There is plenty of evidence that our sun's activity cycles have quite a lot to do with our climate, with observations over the past 5,000 years seemingly backing up a number of theories that sunspot cycles can have a profound effect on our world's weather.
Even over the past 1,000 years it can be shown that the number of sunspots appearing on the sun's surface gives us a pretty good indication of activity, with more sunspots heralding warmer temperatures and less (or none) bringing cooler temperatures.
Work done by Dr. Henrik Svensmark has shown that the Roman and Medieval Warm Periods coincided with lengthy periods of high sunspot numbers and the Little Ice Ages (approximately 1300 to 1550 AD and 1650 to 1750AD) coincided with lengthy periods of minimal sunspot numbers, the so-called Maunder and Dalton Minimums. (I linked to Svensmark's Wikipedia page as most of his works, papers, and videos are linked from there.) Svensmark has managed to tie together solar activity and its effects on gamma radiation and cloud formation. (I won't go into all of it here, but I have covered it before.)
Now we find out our sun may be going into an extended quiet period – a minimum – like those seen during the Little Ice Ages. If Svensmark is right this may mean we're going to see extended periods of colder than normal weather that may last decades.
Waiting for solar fireworks to reach a grand finale next year? Um, sorry, looks like you already missed them. Structures in the sun's corona indicate that the peak in our star's latest cycle of activity has been and gone, at least in its northern hemisphere.If such a thing does happen, it will give us a better idea of what effect the sun and CO2 has on our climate. I'm willing to bet that many of the AGW faithful are going to find out their favorite villain, anthropogenic CO2, has had little effect on climate and that the changes seen in our most recent history have been driven primarily by solar activity.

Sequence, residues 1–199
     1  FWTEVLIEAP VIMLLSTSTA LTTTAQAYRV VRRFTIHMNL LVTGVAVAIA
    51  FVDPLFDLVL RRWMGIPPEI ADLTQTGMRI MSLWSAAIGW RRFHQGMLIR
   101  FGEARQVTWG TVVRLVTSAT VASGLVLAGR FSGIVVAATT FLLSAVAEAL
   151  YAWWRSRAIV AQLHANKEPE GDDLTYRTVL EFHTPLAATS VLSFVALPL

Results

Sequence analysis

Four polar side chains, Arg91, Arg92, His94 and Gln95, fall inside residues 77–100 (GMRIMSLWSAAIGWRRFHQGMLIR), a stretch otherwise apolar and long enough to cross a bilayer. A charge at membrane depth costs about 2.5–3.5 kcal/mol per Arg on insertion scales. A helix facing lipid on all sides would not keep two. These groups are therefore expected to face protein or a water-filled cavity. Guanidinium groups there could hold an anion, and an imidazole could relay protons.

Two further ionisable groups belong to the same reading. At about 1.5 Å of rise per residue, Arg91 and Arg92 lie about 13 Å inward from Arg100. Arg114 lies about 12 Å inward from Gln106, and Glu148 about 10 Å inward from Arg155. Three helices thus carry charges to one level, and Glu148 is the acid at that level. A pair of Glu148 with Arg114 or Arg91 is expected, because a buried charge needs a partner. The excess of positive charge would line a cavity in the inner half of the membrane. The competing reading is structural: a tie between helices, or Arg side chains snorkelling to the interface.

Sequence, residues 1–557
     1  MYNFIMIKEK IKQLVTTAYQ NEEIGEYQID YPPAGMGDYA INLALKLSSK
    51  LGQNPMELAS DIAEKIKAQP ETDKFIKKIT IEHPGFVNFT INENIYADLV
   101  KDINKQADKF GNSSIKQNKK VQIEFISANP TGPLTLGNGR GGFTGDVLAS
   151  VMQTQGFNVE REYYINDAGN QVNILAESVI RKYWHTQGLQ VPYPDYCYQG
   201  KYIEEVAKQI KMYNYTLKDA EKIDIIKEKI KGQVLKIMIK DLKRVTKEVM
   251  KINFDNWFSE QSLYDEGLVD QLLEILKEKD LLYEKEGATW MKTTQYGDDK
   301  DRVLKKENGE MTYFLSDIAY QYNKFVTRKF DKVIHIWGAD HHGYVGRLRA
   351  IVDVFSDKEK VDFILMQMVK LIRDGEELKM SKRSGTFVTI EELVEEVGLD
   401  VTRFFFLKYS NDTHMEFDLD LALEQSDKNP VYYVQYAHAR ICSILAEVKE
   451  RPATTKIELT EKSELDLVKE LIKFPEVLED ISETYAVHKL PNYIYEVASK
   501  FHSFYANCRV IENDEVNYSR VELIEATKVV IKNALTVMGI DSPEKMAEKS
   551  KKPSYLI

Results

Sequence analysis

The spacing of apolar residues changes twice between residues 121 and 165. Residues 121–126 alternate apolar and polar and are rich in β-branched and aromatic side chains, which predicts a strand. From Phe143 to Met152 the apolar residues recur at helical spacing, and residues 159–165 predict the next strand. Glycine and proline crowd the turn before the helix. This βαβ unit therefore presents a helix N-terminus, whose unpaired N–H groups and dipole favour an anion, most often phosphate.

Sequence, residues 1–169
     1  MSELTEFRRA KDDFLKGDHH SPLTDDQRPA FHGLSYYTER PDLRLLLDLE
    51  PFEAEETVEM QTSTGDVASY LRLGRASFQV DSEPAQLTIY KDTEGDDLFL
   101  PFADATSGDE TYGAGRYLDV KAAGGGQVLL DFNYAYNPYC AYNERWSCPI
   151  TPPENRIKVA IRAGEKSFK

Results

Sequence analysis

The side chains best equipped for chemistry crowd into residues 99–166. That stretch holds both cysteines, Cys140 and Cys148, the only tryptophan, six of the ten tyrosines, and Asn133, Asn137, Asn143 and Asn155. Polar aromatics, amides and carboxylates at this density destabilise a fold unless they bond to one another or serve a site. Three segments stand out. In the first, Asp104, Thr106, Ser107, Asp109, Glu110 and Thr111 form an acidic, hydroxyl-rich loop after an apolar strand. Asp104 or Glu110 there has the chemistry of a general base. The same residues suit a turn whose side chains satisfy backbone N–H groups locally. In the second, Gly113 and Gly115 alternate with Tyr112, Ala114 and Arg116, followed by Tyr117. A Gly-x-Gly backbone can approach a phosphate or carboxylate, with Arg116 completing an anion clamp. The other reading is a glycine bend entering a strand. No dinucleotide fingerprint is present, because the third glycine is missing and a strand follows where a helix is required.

The southern hemisphere, meanwhile, is on a sluggish rise to solar maximum and may not hit its peak until 2014.
This bizarre asymmetry strengthens a theory that has been bubbling among sun watchers for the past few years: our star is headed for hibernation. Having the sun's outbursts turned off for a while would provide a better baseline for studying how they influence Earth's climate.
The next few decades are going to be interesting.